Notes: Stone Fruit, Floral
3g | 100ml | 80c | 15 secs
2g | 250ml | 75c | 1 min
This white tea was harvested this year in Pherzawl located in the southern part of Manipur, India. Consisting of one bud and two leaves from untamed tea trees grown in the forest, the leaves were handpicked, withered by hand, and allowed to dry in the sun.
More Than Just Black Tea
As one of the top 5 tea exporters in the world, 80% of the teas produced and exported from India are black teas. But beyond the well-known Indian black teas such as Darjeeling, Assam and Nilgiri, there are other teas produced from lesser-known regions that deserve the spotlight.
Located in Northeast India and bordering Assam, Manipur is home to wild tea tree forests that have been around for decades. While local villages have been using these Camellia Sinensis var. Assamica as tribal healing ingredients, tea producers are using them to create orthodox teas to share the richness of the Manipur forests in recent years.
We hope this wild white tea will put Manipur on your radar and serve as an entry point to explore other tea types from India.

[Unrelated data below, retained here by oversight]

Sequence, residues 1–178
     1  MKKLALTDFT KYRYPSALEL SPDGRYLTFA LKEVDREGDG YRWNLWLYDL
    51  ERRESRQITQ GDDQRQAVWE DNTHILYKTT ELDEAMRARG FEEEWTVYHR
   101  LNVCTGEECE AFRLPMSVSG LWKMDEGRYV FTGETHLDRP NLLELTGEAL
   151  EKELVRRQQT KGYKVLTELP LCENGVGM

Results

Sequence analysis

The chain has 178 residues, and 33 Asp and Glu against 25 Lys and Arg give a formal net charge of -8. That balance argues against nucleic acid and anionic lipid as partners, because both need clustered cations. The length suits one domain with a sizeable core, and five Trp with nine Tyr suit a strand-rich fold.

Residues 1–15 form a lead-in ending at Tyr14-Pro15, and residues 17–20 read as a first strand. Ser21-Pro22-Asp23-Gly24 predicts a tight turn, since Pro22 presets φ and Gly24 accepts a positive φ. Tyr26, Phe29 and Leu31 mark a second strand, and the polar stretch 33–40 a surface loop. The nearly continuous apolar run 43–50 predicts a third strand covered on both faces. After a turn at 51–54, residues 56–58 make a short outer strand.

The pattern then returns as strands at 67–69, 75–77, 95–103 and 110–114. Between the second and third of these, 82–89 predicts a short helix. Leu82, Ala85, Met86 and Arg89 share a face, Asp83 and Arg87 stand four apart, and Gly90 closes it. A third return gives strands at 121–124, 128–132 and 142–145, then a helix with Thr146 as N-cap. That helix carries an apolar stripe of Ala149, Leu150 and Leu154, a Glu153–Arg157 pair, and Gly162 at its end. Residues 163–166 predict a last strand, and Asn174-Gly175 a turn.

Interested for more tea exploration? Check out our Tea Exploration Kit - a tea kit curated with a collection of 5 single origin loose leaf teas, along with their provenance, back stories and brewing guide. Special virtual tea tasting sessions are made available exclusively for our customers with the kits, to deep dive into the world of tea.
Stay tuned as our Vol 8 tea kit will be coming out in a month time. Meanwhile, have a look at the past volumes to see the kind of tea journey we've been on.
If you have any questions, get in touch. We love to talk all things tea.
Teakan was created with the intention to (re)discovering the world of fine tea. By curating a small collection of quality single origins tea in a compact format, you can have fun enjoying a variety of tea from different regions, one batch at a time.